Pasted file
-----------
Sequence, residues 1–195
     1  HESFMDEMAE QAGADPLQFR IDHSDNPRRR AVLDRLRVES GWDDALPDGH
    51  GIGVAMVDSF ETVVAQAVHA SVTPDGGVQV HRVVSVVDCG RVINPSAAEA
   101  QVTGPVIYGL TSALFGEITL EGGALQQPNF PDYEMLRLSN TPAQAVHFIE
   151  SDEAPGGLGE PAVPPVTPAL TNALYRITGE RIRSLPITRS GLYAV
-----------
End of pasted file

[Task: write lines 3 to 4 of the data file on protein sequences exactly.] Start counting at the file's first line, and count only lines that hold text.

    51  GIGVAMVDSF ETVVAQAVHA SVTPDGGVQV HRVVSVVDCG RVINPSAAEA
   101  QVTGPVIYGL TSALFGEITL EGGALQQPNF PDYEMLRLSN TPAQAVHFIE